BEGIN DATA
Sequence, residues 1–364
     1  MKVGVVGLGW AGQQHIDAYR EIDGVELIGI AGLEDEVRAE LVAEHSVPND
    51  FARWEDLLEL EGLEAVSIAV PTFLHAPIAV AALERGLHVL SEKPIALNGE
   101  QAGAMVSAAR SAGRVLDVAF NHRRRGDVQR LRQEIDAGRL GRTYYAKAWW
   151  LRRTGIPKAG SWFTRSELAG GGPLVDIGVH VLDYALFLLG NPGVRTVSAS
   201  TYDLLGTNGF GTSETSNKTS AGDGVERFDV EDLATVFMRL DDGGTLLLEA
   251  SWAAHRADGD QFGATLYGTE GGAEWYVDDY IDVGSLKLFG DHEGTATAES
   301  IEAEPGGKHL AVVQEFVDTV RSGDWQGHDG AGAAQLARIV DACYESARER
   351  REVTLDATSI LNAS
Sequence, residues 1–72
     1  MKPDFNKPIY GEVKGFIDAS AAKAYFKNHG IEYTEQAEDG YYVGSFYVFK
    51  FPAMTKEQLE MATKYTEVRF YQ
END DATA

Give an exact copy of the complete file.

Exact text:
Sequence, residues 1–364
     1  MKVGVVGLGW AGQQHIDAYR EIDGVELIGI AGLEDEVRAE LVAEHSVPND
    51  FARWEDLLEL EGLEAVSIAV PTFLHAPIAV AALERGLHVL SEKPIALNGE
   101  QAGAMVSAAR SAGRVLDVAF NHRRRGDVQR LRQEIDAGRL GRTYYAKAWW
   151  LRRTGIPKAG SWFTRSELAG GGPLVDIGVH VLDYALFLLG NPGVRTVSAS
   201  TYDLLGTNGF GTSETSNKTS AGDGVERFDV EDLATVFMRL DDGGTLLLEA
   251  SWAAHRADGD QFGATLYGTE GGAEWYVDDY IDVGSLKLFG DHEGTATAES
   301  IEAEPGGKHL AVVQEFVDTV RSGDWQGHDG AGAAQLARIV DACYESARER
   351  REVTLDATSI LNAS
Sequence, residues 1–72
     1  MKPDFNKPIY GEVKGFIDAS AAKAYFKNHG IEYTEQAEDG YYVGSFYVFK
    51  FPAMTKEQLE MATKYTEVRF YQ